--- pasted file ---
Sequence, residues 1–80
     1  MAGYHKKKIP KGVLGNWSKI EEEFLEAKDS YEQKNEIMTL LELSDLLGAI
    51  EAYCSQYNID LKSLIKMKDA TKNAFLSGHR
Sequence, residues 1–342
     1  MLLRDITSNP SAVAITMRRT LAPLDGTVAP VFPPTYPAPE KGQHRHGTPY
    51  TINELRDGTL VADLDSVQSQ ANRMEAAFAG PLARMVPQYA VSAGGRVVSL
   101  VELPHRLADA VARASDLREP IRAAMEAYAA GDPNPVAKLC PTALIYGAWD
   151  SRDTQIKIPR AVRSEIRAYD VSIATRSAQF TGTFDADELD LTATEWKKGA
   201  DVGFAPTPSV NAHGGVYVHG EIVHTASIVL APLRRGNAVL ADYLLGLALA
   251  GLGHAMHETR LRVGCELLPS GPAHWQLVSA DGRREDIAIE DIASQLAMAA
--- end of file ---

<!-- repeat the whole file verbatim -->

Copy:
Sequence, residues 1–80
     1  MAGYHKKKIP KGVLGNWSKI EEEFLEAKDS YEQKNEIMTL LELSDLLGAI
    51  EAYCSQYNID LKSLIKMKDA TKNAFLSGHR
Sequence, residues 1–342
     1  MLLRDITSNP SAVAITMRRT LAPLDGTVAP VFPPTYPAPE KGQHRHGTPY
    51  TINELRDGTL VADLDSVQSQ ANRMEAAFAG PLARMVPQYA VSAGGRVVSL
   101  VELPHRLADA VARASDLREP IRAAMEAYAA GDPNPVAKLC PTALIYGAWD
   151  SRDTQIKIPR AVRSEIRAYD VSIATRSAQF TGTFDADELD LTATEWKKGA
   201  DVGFAPTPSV NAHGGVYVHG EIVHTASIVL APLRRGNAVL ADYLLGLALA
   251  GLGHAMHETR LRVGCELLPS GPAHWQLVSA DGRREDIAIE DIASQLAMAA